On January 12, 2015, as the meeting between Begin and members of the ACT team was taking place, Officer Laura Drouin was dispatched to the ACT team office in the Ballard Center. Dispatch advised Officer Drouin that the ACT team member who called had only expressed concern that Begin might “get a little disorderly” when he was told of his recommitment. On arrival at the Ballard Center, Officer Drouin had a brief conversation with the team member who had met her to escort her to the second floor waiting area where the meeting was taking place. When Officer Drouin asked if Begin had a history of violence, the team member indicated that he did have a history of violence, without providing any details. When they exited the elevator on the second floor, Office Drouin was directed to take a position in the hallway outside the room where ACT team members were meeting with Begin, so she would not be seen by him.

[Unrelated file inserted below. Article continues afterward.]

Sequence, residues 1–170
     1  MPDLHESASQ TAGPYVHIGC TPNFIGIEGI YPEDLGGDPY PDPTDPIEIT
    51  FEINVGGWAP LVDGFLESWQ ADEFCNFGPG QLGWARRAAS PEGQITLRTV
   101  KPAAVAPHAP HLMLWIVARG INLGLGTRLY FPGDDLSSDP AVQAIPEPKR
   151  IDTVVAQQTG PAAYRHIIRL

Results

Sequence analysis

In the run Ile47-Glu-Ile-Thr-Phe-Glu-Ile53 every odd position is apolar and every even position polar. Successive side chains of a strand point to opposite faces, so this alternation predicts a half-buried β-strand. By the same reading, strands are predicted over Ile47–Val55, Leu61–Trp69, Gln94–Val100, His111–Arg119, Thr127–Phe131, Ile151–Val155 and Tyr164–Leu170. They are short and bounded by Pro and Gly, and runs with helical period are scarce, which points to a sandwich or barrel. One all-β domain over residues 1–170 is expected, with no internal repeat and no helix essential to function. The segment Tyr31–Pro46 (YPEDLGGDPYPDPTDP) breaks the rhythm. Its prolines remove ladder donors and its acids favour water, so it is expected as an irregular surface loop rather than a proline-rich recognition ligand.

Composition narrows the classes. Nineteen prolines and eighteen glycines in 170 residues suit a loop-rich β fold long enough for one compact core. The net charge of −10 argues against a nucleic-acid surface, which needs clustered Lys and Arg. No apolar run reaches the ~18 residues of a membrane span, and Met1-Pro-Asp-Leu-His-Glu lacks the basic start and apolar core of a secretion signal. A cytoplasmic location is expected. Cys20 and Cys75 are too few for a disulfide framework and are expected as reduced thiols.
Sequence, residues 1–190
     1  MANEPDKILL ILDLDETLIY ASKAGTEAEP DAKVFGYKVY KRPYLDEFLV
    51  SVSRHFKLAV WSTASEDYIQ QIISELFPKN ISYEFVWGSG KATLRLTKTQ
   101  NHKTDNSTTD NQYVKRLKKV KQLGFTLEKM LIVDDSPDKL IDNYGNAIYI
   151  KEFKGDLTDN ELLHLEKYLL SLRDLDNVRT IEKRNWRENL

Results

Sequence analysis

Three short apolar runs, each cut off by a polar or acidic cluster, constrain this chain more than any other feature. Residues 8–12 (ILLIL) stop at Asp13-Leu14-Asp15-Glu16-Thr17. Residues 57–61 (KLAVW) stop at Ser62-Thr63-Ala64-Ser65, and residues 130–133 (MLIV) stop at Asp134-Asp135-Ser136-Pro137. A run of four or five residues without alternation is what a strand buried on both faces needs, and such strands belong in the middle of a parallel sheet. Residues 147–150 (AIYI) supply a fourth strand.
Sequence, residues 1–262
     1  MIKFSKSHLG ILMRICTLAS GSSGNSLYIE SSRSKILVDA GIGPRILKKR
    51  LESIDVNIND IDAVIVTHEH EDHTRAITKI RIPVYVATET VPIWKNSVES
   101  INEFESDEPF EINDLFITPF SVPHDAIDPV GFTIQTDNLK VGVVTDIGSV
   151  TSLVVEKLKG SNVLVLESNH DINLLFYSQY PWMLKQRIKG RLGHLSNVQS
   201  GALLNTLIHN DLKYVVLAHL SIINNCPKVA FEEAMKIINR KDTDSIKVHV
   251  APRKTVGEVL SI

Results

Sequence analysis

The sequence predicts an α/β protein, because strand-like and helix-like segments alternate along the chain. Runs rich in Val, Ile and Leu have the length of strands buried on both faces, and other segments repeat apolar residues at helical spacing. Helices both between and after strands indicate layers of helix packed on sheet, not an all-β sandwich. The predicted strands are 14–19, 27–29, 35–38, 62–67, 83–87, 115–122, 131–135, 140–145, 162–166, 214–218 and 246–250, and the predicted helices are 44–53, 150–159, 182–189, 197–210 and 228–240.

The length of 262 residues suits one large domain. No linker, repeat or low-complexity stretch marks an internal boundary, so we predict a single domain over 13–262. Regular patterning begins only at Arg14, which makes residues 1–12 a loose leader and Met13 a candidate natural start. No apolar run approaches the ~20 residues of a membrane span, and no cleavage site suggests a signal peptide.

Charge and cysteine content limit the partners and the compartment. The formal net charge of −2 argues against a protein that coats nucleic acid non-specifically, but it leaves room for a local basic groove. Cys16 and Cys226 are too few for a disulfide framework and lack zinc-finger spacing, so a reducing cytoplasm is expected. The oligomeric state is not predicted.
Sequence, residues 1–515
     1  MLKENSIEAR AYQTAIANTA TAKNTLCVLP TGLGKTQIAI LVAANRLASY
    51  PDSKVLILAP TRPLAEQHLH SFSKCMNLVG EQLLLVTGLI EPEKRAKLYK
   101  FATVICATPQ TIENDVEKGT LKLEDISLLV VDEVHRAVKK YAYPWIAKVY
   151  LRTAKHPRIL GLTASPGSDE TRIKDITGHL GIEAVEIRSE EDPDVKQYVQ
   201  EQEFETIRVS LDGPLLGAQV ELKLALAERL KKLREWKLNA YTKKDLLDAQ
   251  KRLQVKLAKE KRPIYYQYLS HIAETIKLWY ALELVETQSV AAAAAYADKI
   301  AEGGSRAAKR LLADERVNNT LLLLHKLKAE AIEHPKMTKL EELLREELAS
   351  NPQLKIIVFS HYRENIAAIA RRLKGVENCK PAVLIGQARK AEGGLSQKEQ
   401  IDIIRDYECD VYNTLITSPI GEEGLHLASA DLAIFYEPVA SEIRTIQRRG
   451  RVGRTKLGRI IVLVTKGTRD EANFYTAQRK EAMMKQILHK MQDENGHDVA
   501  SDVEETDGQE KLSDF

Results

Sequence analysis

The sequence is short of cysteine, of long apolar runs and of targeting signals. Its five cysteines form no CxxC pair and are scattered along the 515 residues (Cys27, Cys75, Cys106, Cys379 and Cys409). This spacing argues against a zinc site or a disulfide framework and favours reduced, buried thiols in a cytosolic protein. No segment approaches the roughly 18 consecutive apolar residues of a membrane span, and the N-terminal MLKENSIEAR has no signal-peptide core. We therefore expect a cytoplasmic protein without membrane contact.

From her position in the hallway, Officer Drouin heard a member of the ACT team tell Begin that the decision had been made to recommit him while they investigated the claim that he was using and selling marijuana. Begin had brought a pocket Dictaphone to the meeting and was recording this conversation, though the mental health workers meeting with him were unaware they were being recorded. After hearing Begin becoming more agitated as he professed his innocence and claimed he was being punished unfairly, Officer Drouin heard Begin declare: “I am not going back to the hospital.” Begin was then told by a team member that he had no choice, and that police were already there to take him back to Riverview. At that point, Officer Drouin was directed to step into the doorway to the room, where she could be seen by Begin for the first time.